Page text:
Business groups, trade unions urge the new IR minister to focus on wages



"This means jobs, not only in cities, but also in our vital regions," she said. "I also want to concentrate on the jobs that people create for themselves and for others in small businesses.

"A productive and flexible workforce is an important aspect in building a stronger economy, but more importantly, creating a framework for a productive work environment between employers and employees is crucial for our nation to grow and flourish. . "

Finance Sector Union national secretary Julia Angrisano.

Finance Sector Union national secretary Julia Angrisano.

Photo: Delivered

Julia Angrisano, national secretary of the Finance Sector Union of Australia, urged Ms O & # 39; Dwyer to tackle the slow wage growth, the large pay differentials between men and women and the reform of the Fair Work Act. She said that many of her members had no salary increase for years.

"Kelly O & # 39; Dwyer had to be lugged with kicking and screaming to believe that there was a need for a royal commission for the financial sector," Angrisano said. "Let's hope she is not slow to realize that Australians earn a wage increase and that the [industrial] rules are being violated for working people in all sectors.

"Enterprise negotiations have been broken for financial staff and we know that if we want to be serious about conflicting remuneration models, negotiating in a single company will never deliver that."

Denita Wawn, the chief executive of Master Builders Australia, welcomed the increase in labor relations to the cabinet and hoped that Mrs O & # 39; Dwyer would continue to insist on obtaining legislation, including a bill to protect the integrity of registered organizations, adopted in the Senate.

"It's important that IR is in the cabinet and Kelly understands issues regarding how IR has a significant impact on productivity within the economy, given its previous portfolio roll," said Ms. Wawn.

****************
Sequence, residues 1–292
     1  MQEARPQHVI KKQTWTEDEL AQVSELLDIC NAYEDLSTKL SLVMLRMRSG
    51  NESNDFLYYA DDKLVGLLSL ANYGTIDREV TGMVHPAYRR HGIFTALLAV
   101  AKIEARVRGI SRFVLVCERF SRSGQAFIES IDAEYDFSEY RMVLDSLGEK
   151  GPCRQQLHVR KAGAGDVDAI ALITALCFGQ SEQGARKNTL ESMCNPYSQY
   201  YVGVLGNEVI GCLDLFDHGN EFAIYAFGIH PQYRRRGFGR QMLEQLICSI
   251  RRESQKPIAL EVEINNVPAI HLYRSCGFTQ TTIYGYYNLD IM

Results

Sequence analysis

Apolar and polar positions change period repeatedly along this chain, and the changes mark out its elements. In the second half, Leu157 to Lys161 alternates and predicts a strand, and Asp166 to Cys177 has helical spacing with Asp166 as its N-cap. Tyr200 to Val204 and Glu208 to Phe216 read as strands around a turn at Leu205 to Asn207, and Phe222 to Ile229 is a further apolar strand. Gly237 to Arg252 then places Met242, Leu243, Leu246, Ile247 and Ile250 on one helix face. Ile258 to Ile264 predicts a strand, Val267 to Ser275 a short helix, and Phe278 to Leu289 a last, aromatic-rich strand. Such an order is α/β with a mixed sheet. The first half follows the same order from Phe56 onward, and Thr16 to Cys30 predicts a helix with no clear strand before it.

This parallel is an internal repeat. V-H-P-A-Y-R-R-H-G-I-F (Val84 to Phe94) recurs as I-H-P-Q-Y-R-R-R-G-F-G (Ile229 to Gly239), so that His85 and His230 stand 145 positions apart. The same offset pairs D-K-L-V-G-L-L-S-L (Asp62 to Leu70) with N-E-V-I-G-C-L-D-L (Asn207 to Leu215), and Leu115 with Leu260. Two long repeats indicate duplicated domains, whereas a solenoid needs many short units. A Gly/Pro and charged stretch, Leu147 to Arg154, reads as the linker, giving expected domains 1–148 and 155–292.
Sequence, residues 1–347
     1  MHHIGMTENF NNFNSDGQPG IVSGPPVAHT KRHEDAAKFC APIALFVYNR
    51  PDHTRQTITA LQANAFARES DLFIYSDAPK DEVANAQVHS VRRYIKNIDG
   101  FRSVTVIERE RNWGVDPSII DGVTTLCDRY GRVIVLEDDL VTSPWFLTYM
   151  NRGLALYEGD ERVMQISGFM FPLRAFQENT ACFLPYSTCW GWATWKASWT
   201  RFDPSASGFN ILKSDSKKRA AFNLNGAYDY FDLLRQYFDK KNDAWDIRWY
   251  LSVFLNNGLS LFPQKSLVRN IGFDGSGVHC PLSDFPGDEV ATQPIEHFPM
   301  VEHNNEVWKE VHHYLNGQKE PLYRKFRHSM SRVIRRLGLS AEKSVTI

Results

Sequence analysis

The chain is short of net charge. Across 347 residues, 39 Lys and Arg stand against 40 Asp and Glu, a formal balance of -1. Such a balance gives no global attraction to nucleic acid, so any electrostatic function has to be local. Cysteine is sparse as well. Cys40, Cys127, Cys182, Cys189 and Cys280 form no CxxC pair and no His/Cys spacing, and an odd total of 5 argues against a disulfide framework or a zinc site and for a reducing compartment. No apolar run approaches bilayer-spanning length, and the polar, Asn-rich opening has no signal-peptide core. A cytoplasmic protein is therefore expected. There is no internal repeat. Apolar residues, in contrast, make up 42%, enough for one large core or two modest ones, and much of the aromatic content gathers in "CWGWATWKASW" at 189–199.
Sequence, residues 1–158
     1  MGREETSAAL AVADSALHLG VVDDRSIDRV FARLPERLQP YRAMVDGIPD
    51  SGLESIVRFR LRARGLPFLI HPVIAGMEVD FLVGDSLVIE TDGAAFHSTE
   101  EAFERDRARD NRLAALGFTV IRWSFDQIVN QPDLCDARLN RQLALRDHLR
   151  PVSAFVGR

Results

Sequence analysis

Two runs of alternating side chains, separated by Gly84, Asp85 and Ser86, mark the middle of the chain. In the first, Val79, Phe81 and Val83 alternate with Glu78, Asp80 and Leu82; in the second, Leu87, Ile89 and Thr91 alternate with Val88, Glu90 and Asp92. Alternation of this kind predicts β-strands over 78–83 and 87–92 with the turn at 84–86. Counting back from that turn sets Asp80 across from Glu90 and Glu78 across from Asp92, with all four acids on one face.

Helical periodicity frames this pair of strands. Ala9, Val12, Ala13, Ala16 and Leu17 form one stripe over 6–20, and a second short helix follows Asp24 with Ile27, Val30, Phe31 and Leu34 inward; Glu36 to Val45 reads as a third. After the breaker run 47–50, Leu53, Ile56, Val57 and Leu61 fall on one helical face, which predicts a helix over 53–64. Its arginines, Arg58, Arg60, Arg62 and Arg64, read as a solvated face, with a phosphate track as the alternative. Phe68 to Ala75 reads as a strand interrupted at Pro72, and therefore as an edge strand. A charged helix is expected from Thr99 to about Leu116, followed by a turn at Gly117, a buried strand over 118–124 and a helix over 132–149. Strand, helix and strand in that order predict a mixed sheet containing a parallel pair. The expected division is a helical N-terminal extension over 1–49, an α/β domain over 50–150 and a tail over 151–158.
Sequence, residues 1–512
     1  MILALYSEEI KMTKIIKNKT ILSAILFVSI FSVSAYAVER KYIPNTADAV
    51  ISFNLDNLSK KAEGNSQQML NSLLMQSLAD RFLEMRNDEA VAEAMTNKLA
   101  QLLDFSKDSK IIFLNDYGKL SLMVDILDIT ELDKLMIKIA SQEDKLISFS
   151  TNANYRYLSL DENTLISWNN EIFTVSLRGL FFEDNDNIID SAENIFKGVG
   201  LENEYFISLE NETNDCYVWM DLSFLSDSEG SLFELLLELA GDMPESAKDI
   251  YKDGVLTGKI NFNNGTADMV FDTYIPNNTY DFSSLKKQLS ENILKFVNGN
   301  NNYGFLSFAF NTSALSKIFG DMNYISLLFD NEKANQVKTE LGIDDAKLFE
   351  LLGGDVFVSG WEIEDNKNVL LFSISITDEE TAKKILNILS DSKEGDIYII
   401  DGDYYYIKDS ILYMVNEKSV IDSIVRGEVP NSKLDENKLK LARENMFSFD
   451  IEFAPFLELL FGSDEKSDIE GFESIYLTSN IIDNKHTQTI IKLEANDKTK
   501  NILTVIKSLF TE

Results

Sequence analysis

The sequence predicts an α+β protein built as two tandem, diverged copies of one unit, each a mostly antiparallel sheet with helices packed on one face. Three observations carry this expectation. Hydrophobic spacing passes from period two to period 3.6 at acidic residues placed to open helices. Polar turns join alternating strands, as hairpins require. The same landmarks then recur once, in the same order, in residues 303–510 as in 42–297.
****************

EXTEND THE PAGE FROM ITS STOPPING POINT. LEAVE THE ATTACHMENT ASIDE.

"We now ask the new minister to give priority to unfinished business from the government in terms of the royal commission [into trade union governance and corruption]. "

The Australian Means and Energy Group (AMMA) also welcomed the appointment of Mrs O & # 39; Dwyer as Minister for Jobs, Industrial Relations and Women, and said she had a strong knowledge of the resource and energy sectors and issues at the workplace.

"Her commitment to and support of AMMA's government-funded National Gender Diversity Initiative, the Australian Women in Resources Alliance, has supported the industry in eliminating its promotion, attraction and retention of women in resources and energy jobs," said AMMA CEO Steve Knott.

"As Australia's 25th Prime Minister, John Winston Howard, said earlier this month during the Centenary Gala Dinner of AMMA, reforming our workplace system & # 39; unfinished business is crucial for the international prosperity of our nation. & # 39;

The chairman of the Australian Council of Trade Unions, Michele O & # 39; Neil, said that trade unions were worried about the fact that Ms. O & # 39; Dwyer, a former banker, "introduces a major business approach to the industrial relations portfolio".

"Her approach to structural inequalities faced by women at work is all cosmetic and has increased the needs of large corporations than those of women and their families." There was an unwillingness to participate at the level that necessary for meaningful change, "she said.

Labor spokesperson for Labor, Tanya Plibersek, said that Mrs O & # 39; Dwyer had brought a large tax cut for the banks, but "never put the interests of working people at the center".

"For years she has tried to protect the banks by arguing against a royal commission, but did absolutely nothing to protect employees from lowering their fines," she said.

Former Secretary of Employment, Craig Laundy, said he told Prime Minister Scott Morrison that he no longer wanted to serve in the Coalition ministry.

"I want to thank Scott Morrison for his offer to stay on the front seat," he said. "I have not taken this decision lightly, but the major challenges we faced last week have taken a huge toll both physically and emotionally, hence my decision to step back and think about what my future entails, " he said.

"As a federal member for Reid, my priority in parliament has always been to plead for my community, and I look forward to spending more time working for my constituents."

Anna Patty is Workplace Editor for The Sydney Morning Herald. She is a former education editor, state politics rapporteur and health reporter. Her reports on inequality in school financing led to the Gonski reforms and won her national awards. Her health reports uncovered unnecessary patient deaths at Campbelltown Hospital and led to judicial and parliamentary investigations. In The Times of London she has revealed shortcomings in international medical research.

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